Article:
“Health care is the most information intensive industry in the economy, but it uses IT the least.” – David Cutler, Harvard Kennedy School economics professor
I think that executives of health and human service organizations think they spend a lot of time with data, but it’s all relative. Generally, the industry-wide and enterprise-wide data in the health care field is pretty limited – in quantity, quality, and utility. And, the “time with data” that executives refer to, is the time trying to get electronic health records (EHRs) up and running, or figuring out web optimization, or how to integrate telehealth into their operational processes. This is time spent wrestling with the information management process – and not using data.
One argument is that while the data practices (and rapid innovation) in other industries – or at giants like Amazon and Google – is a great target for forward thinking executives, it is just a target. There are some unique data challenges for making data work in the health and human service field. I had a chance to learn more about that perspective last month from Ravi Ganesan, President & CEO at Core Solutions, Inc. at The 2016 OPEN MINDS Performance Management Institute in his session, Why Health Care Is Not Like Google Or Amazon: The Challenges Of Fitting Ideal Data Models Into The Real World.
Organizations spend a lot of time learning about data, learning what it actually is, how to make data-driven decisions, and how to build a data culture. But the problem is putting that discussion into action. Part of the problem is the immense complexity of health care data. We just have so much of it – and so many requirements that go along with how we manage and report it. Another big problem is that there aren’t any standard data models that are used across the health care system. We all use different EHRs and because of system incompatibility, regulations, and lack of care coordination, it’s difficult to share data.
So how do you turn your data into knowledge? According to Mr. Ganesan, you need to create a “data journey” – moving from simple data modeling, to big data for analytics:
Data modeling – A data model organizes data elements and standardizes how the data elements relate to one another. By representing real things (people, places, services, etc.), the model represents “reality.” It allows you to document real life things, make connections between those things, and organize that data in an easy to understand format. If you have already decided what data to track, make reports of that data, and makes decisions with those reports, you are data modeling (see How Do We Measure ‘Impact’?).
Data maturity – A data maturity model is a framework to help organizations identify and quantify how “sophisticated” their data modeling is – from creation to decisionmaking. There are four stages of data maturity: Undisciplined, Reactive, Proactive, and Governed (for more on those four stages, check out Best Practice Leadership Is Leadership With Analytics).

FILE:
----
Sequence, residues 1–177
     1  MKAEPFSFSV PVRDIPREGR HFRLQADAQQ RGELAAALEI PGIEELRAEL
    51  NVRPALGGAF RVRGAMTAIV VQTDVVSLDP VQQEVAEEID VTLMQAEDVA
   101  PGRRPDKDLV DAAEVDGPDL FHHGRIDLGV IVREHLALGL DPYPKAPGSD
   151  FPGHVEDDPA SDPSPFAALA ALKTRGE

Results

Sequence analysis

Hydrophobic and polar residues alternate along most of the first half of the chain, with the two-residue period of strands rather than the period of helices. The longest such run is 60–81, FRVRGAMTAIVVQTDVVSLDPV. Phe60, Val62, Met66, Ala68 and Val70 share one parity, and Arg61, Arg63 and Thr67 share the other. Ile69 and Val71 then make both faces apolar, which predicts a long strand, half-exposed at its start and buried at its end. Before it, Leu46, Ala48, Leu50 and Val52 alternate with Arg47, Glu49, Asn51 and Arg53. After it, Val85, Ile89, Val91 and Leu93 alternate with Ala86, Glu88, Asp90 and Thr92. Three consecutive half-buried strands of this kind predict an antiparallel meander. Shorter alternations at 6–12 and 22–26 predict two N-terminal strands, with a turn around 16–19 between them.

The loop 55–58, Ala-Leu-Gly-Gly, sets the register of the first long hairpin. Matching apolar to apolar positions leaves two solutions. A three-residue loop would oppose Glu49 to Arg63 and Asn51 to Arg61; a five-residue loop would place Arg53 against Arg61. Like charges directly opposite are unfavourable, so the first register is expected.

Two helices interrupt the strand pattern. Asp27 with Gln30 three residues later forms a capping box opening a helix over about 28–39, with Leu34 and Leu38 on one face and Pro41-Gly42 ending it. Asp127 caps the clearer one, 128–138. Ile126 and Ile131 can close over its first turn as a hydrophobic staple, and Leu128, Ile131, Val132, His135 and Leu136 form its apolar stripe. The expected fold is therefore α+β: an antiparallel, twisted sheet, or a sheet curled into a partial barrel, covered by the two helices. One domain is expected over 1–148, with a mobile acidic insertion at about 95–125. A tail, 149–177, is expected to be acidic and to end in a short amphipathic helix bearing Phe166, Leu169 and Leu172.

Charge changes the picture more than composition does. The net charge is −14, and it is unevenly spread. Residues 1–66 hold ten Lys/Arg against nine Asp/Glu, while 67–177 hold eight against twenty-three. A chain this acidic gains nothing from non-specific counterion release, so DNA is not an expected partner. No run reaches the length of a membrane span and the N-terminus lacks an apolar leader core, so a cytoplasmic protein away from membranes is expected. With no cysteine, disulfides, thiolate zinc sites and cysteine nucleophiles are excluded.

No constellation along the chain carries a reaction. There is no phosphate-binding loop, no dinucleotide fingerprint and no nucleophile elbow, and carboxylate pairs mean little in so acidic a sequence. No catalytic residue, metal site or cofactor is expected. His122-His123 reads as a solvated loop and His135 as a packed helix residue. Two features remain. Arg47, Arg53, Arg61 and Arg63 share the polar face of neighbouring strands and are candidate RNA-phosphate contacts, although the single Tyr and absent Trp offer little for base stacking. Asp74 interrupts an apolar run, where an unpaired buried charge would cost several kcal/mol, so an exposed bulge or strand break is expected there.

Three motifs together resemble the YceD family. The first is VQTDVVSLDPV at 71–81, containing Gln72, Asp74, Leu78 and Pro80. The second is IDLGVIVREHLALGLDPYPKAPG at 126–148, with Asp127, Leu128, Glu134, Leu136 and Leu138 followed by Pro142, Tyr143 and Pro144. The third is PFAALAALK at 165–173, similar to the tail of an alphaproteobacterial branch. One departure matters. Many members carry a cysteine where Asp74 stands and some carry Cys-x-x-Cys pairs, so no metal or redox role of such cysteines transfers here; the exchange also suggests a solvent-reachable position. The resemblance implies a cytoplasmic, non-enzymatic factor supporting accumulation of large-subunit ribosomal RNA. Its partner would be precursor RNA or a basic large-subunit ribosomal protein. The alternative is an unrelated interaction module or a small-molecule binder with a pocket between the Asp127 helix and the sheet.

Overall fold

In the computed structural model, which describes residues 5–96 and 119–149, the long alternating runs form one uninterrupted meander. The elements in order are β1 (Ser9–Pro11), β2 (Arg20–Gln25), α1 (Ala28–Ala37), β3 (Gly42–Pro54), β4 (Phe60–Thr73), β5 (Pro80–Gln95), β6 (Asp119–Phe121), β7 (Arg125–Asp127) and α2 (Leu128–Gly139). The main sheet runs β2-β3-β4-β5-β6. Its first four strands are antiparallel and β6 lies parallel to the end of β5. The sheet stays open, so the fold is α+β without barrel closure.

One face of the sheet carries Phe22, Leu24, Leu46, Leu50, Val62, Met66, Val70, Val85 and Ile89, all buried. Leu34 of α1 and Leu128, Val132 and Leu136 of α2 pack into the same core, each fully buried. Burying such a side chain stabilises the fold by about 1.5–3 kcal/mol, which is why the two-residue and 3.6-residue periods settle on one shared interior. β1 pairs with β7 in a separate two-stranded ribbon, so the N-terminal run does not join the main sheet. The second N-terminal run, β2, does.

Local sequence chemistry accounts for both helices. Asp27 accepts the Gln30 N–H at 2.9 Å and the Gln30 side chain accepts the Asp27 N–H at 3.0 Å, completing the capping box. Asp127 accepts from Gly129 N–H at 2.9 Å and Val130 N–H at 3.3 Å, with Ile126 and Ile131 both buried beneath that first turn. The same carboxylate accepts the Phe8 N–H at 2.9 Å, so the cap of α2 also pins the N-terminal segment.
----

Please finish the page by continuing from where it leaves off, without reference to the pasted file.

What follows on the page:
Data-driven decisions – Data‐driven decision management (DDDM) is an approach to business governance that values decisions that can be backed up with data, which is supplied by your data modeling and reliant on your data maturity. Ask yourself – What was the source of your data? How well do the sample data represent the population? Why did you decide on that particular analytical approach? What alternatives did you consider? What assumptions are behind your analysis? These questions need answers (see The ‘Five-Step Formula’ For Making Data-Driven Decisions).
Big data – This term describes the large volume of data – structured and unstructured – that is extremely prevalent in the health care industry, and the result of the data collected throughout the above described journey. But it’s not the amount of data that’s important. It’s the ability to analyze that data for even better strategic decisions (see Big Data To Survive, Sustain & Succeed and ‘Big Data’ For Dummies).
When looking for organizations that are setting the bar for data best practices, it’s hard to look past Amazon and Google. The OPEN MINDS team has taken a close look at the operations of those organizations — and the lessons health and human service executives can learn from their strategies. You may want to check these out:
- Lessons From Walmart Vs. Amazon
- Preparing For The Amazon Effect
- The Amazon Leadership Principles & The Amazon Flywheel – What They Could Mean For Your Organization
- The Footprint Of The Elephant In Health Care
- Stop Integrating Data & Start Liberating Data
The bottom line is that we need to think about how to use the information we gather, make sure it’s clean, understandable, and do modeling around those data elements. This is no easy task, but many organizations are already on their way in their data journey. As Mr. Ganesan noted, “We sort of have this inferiority complex that we don’t use data as well as everyone else. But we aren’t as far behind as we think we are.”